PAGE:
-1A Daughter of the Confederacy and the Black Man
Which monochromatic shade does love
fall under?

Devotion is all fists; muscles carved out
of thorny ash, it's a list of all the words that
mean blue:


lists drilled into her, like 1.) Her
grandfather sailed a barge along
the Ashley River, made love to his
wife in the sepia-soaked cotton fields,
and died in Vicksburg, or 2.) History
is never far from her mind, it echoes,
and twines itself around her heart, like
ivy around the great house, before
Sherman burned it, his fat finger
stretched to a point, although his aim
was submission,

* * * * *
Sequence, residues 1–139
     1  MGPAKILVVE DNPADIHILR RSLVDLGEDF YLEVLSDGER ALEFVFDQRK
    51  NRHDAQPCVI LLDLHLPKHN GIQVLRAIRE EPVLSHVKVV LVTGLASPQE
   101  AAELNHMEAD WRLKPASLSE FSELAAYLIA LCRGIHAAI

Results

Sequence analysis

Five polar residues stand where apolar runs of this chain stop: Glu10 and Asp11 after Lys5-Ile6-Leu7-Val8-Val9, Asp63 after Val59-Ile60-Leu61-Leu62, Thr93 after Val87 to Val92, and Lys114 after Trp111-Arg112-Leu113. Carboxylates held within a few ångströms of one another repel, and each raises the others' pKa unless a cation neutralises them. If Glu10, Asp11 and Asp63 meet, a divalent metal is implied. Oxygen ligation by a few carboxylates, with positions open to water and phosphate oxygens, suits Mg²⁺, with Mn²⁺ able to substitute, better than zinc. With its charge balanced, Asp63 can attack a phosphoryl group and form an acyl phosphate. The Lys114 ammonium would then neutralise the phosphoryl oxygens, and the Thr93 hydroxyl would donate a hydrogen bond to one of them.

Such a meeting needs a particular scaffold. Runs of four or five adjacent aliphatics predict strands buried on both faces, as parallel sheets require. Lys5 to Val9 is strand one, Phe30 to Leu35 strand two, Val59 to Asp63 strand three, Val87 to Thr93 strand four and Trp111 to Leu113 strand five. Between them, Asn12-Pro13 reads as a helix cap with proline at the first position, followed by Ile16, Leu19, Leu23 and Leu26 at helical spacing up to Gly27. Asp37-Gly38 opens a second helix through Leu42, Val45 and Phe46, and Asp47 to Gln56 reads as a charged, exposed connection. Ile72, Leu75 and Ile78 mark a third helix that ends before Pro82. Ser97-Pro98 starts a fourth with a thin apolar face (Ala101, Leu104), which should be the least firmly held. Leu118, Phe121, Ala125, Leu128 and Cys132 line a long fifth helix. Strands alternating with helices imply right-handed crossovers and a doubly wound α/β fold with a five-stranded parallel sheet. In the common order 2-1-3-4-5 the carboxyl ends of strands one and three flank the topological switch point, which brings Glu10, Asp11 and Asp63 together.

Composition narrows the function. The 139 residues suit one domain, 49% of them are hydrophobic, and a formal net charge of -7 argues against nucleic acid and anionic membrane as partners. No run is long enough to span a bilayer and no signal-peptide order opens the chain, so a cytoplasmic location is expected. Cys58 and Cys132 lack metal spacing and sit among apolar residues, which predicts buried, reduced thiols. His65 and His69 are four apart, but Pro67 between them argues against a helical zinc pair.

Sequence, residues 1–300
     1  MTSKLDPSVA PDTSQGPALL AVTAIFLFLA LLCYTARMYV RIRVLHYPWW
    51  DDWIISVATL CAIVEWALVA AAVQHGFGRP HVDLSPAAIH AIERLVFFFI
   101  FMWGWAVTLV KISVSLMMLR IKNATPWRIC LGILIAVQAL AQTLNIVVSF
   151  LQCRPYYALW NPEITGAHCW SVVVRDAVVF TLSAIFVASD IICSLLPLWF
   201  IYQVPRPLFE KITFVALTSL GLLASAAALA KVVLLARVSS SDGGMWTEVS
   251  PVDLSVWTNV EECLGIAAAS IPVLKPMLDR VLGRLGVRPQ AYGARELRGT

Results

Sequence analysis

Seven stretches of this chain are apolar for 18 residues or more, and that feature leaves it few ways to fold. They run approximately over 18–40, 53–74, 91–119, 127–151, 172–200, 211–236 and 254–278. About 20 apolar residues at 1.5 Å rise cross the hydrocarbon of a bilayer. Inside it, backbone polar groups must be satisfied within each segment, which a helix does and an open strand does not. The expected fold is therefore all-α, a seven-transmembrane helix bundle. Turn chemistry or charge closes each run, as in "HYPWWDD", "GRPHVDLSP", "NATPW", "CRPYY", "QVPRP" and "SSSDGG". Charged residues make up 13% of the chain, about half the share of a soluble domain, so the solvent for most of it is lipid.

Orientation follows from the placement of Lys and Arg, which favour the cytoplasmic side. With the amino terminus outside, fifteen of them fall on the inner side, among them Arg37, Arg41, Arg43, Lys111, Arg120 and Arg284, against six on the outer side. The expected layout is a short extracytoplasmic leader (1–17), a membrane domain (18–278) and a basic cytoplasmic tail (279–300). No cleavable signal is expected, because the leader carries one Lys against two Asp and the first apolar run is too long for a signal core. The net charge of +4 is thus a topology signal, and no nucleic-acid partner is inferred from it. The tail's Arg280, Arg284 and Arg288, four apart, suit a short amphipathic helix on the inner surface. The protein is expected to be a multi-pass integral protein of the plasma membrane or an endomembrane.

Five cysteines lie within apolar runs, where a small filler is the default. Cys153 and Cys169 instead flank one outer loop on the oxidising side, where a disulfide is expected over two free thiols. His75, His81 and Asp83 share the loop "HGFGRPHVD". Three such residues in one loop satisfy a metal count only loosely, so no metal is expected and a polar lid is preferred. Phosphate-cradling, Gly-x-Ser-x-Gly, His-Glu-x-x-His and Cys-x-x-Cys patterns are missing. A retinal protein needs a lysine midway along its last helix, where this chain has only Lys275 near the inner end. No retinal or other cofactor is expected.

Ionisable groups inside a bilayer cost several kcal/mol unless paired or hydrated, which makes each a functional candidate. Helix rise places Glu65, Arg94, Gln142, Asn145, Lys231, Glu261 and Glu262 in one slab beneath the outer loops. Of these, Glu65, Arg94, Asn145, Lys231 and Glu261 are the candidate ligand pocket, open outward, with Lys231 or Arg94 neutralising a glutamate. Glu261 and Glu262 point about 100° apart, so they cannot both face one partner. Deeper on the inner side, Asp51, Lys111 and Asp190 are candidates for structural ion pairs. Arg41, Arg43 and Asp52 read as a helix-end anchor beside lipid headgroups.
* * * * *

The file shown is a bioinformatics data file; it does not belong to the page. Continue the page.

and yes, her family did own slaves, and
fought for a infant government with
the conviction of rights being given
as a group, rather then individually,

and so, as she sits in her pristine banquet
hall, reminiscent of the home she should
have inherited (though the family relocated
during the reconstruction, because there
was nowhere else to go) she is left with
her fruit salad and her lists:

3.) Her grandmother died silent of the
nightmares of eating rotting horse meat,
because that was all they had left. 4.) Left,
was more then a direction, it became a state
of mind.

She pulls her hair back; the slightest of sways,
each hair wound tightly to her bloody scalp, breathes
deeply, shakes the hand of a black man, posed
on the parapet of the Idea of the South,
ready to sip it like lemonade;
tart as any heaping of truth,

a conversation climactic in politeness,

in their greeting, they notice that the
shade from the magnolia tree's covers
the sidewalk, cobbled, ready for the buggy
that may never come.